Burma is well known for its richness in natural resources and when speaking about this people do usually think immediately of e.g. Rubies, Jade and/or teak but no one would ever think that (although very beautiful when used for gardening and landscaping purposes) something as inconspicuous and ordinary as bamboo is an equally valuable natural resource. Burma has an awful lot of bamboo, which is of immense economic value and as such constitutes a presently, alas, almost untapped but highly profitable source of additional income.
Contrary to e.g. precious stones and jade, which are not renewable, thus finite and teak wood (that to renew till it becomes commercially valuable takes between 20 and 30 years) and bamboo (that to renew till it becomes commercially valuable takes only 3 years) are infinite.
As a member of the sub-family Bambusoideae of the grass family Poaceae or Gramineae, bamboo is a perennial flowering evergreen that is said to be originated some million years ago in what is nowadays China from where it started to conquer practically the entire world and developed into more than 1.400 ground and above-ground growing species in 115 genera.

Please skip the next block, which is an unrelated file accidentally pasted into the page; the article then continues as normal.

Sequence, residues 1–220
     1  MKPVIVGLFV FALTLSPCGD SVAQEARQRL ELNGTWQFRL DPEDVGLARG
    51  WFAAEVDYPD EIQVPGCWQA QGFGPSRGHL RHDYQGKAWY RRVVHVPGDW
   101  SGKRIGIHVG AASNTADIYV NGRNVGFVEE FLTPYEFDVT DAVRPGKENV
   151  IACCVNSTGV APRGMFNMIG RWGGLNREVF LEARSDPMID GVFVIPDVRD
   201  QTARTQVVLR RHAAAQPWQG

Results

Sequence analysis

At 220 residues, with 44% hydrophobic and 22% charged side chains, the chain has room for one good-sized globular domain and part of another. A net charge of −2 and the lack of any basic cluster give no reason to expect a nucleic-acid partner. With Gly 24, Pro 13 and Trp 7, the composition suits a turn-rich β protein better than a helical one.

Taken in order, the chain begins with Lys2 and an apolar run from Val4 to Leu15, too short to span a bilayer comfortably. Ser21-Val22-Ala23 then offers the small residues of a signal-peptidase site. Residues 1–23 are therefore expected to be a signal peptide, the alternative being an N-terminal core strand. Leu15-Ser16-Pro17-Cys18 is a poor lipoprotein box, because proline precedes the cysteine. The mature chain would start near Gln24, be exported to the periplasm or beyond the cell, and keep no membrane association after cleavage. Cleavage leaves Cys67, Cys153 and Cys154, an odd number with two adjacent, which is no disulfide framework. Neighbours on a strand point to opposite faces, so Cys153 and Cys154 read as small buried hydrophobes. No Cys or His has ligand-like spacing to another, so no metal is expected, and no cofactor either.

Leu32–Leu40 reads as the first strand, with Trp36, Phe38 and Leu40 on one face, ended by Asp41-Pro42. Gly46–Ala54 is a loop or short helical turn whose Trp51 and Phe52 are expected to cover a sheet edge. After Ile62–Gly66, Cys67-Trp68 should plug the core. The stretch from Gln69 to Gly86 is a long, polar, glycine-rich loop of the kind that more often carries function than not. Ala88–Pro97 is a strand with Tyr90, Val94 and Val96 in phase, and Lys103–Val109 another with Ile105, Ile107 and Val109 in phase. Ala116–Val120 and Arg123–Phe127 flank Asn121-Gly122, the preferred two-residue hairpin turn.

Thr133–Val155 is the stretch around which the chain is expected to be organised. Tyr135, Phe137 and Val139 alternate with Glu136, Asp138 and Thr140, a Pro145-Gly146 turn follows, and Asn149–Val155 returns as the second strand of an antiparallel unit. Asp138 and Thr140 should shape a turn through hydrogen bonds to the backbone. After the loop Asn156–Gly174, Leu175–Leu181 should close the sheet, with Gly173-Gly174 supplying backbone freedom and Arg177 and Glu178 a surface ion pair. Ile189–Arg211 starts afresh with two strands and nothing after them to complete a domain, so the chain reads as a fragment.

Should someone ever ask whether you know the fastest growing plant on this planet you can rightfully answer, “Yes, I know that is bamboo.”
Out of the in Burma recorded total of 97 bamboo species, 15 belong to the species ‘Dendrocalamus’ (the local names of the top-three of them are Hmyin, Wapyu and Wabo-myet-san-gye) and 11 to the species ‘Gigantochloa’. These bamboos are also some of the 10 most economical species and are members of the group of so-called ‘Giant Bamboo or Timber Bamboo’. They grow under favourable soil and climate conditions within one growing season of some 4 months (rainy season) from ground/shooting level to their full height of about 33 ft/10 m with a culm (also called pole or stalk) diameter of 12 inch/30 cm. At this speed you can literally see the bamboo grow; no joke. Although the first harvest is possible after 1 year, the best harvesting time is after 3 years when the culms are fully hardened.
There is no natural resource that is renewing itself faster and no plant that is more versatile, stronger and at the same time flexible than bamboo. Burma’s Bamboo forests cover about 4.000 sq mi/10.500 sq km) of its land mass, which makes Burma – after China, Indonesia and India – the country with the world’s 4th largest area of valuable wild bamboo forest. Additionally to the already existing bamboo forests large areas of idle land could be transformed into environmentally friendly and balanced bamboo plantations.
Bamboo is a very easy to grow and undemanding, environmentally sustaining plant that easily adapts to different or changing soil and climate conditions. This, in turn, has the potential of turning raw bamboo and moreover bamboo article into products that will significantly contribute to the county’s export income once the Burmese bamboo (and Rattan) industry is capable of producing top-quality bamboo article. This …